Lets take a look at the details of California’s economic resurgence since the election of Governor Jerry Brown and adoption of a significant tax increase. (Using data compiled by Don Grimes covering the period from June 2011 to June 2014. Governor Brown took office in January 2011 and the tax increase was approved by voters in November 2012).
Over those three years, California’s job growth has exceed the U.S. average by a substantial amount. California employment growth in the past three years: 2.5%, 2.9% and 2.3%; U.S. growth during same periods: 1.6%, 1.7%, and 1.9%.
What might be even more interesting and important for Michigan is the breakdown of the job growth by sector. California achieved this faster than the nation job growth even though its manufacturing sector was substantially lagging the growth in the U.S. and was actually losing jobs the past two years: California manufacturing employment growth for the three years: 0.5%, -0.3%, -0.3%; compared to U.S. manufacturing growth of 1.9%, 0.4%, 1.1%.
California’s recent out performance can be traced to a stronger rebound in construction, but mostly to much stronger job growth in professional and technical services, corporate headquarters and health care services. In the two big job-growth, knowledge-based sectors California increased professional and technical service employment by 5.8%, 3.7%, 3.6% ; compared to 2.7%, 3.0%, 2.9% for the nation. In private health service California employment grew 3.5%, 7.2%, 4.1%; compared to 2.1%, 2.4%, 1.9% for the U.S.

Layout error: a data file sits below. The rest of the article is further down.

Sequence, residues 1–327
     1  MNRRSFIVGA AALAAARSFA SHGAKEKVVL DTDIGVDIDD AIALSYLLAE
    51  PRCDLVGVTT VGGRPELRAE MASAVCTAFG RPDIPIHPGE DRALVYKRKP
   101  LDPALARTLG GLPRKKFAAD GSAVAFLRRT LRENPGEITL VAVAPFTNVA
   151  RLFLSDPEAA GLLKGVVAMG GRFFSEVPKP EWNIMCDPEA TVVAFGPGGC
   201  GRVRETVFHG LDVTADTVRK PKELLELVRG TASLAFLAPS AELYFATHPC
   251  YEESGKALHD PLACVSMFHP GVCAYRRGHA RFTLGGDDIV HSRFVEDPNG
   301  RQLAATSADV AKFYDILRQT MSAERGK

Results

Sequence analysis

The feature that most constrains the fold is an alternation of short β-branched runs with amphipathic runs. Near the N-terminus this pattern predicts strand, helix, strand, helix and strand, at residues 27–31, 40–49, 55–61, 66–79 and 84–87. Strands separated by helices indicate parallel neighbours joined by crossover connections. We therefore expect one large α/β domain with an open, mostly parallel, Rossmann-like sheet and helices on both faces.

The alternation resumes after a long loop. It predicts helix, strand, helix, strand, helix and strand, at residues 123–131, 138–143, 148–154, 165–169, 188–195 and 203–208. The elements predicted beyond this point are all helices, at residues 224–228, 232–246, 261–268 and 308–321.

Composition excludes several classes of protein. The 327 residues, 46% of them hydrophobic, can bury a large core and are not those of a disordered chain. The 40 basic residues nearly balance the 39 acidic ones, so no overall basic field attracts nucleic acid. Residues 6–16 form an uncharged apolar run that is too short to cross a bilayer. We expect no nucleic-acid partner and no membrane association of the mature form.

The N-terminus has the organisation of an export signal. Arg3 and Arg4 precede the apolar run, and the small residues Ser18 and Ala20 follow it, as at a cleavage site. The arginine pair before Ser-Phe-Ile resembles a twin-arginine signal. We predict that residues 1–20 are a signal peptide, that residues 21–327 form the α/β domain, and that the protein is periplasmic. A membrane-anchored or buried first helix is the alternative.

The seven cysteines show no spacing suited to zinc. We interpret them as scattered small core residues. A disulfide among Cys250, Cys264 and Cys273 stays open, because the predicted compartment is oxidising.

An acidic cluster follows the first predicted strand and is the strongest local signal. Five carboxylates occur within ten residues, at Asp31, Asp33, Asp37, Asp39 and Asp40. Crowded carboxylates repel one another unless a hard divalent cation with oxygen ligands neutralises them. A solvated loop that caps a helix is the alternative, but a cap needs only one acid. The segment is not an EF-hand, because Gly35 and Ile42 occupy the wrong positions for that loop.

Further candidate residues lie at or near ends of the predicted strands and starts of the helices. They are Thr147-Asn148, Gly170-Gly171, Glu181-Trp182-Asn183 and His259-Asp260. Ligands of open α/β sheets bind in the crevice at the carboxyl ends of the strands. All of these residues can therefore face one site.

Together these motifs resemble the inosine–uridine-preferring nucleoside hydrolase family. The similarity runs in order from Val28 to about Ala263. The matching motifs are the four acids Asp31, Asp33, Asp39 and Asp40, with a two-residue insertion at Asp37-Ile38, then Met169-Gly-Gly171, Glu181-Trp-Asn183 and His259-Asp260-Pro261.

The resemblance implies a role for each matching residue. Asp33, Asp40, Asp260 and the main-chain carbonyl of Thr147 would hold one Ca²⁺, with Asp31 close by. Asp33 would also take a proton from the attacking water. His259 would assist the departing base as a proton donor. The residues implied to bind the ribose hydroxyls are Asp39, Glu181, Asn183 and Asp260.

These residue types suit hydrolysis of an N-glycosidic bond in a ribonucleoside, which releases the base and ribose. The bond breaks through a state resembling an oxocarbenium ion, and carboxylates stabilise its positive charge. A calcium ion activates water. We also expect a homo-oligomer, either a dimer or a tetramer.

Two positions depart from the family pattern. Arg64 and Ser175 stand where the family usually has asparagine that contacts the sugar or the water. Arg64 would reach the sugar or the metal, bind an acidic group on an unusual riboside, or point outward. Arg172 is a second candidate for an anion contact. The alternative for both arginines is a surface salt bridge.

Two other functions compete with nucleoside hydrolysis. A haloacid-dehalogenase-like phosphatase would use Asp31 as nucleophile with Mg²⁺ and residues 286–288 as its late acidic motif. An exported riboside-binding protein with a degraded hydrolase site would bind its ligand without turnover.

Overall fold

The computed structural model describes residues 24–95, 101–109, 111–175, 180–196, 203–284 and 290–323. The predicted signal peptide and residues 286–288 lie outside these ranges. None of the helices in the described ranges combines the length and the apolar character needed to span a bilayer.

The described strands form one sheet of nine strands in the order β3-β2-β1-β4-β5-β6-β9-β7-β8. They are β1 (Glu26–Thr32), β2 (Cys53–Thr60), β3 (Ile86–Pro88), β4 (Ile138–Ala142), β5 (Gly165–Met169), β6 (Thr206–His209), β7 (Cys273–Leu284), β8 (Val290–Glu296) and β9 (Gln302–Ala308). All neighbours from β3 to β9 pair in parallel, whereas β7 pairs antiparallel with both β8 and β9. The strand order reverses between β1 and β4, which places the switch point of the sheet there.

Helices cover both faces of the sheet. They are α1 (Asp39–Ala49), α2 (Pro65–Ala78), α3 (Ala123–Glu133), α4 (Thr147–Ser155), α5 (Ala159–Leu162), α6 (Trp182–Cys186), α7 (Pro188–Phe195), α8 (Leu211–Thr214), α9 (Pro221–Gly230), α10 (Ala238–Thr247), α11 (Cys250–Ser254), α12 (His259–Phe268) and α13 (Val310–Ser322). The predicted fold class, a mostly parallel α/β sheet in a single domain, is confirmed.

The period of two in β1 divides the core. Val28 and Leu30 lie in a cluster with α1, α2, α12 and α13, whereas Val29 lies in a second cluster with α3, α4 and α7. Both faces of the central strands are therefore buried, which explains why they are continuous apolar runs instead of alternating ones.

The strong job gains in these highly paid, highly educated sectors seem to also support stronger job growth in retail trade and restaurants and bars than in the U.S. overall.
This is consistent with the trends we have been reporting on in our annual reports and detailed in our recent The New Path to Prosperity report. Growth is occurring in knowledge-based services which tend to be higher wage which drives employment increases in retail and hospitality which are low wage. The lesson is clear, if states and region are going to grow and be prosperous, unless they have major oil and gas deposits, this is what it will look like. Manufacturing isn’t a sustainable growth option and the rest of the goods producing sector on a structural basis is not going to grow much either.
Two lessons from California seem important for Michigan to learn:
- You don’t need job growth in manufacturing to thrive.
- It’s not all about taxes. You can be a prosperous state even if you have relatively high taxes, or more generally business costs, if you can grow the knowledge economy. If Michigan can grow its knowledge economy, as we have been advocating, then it doesn’t matter if manufacturing and other cost sensitive sectors move to lower cost states – Michigan will still thrive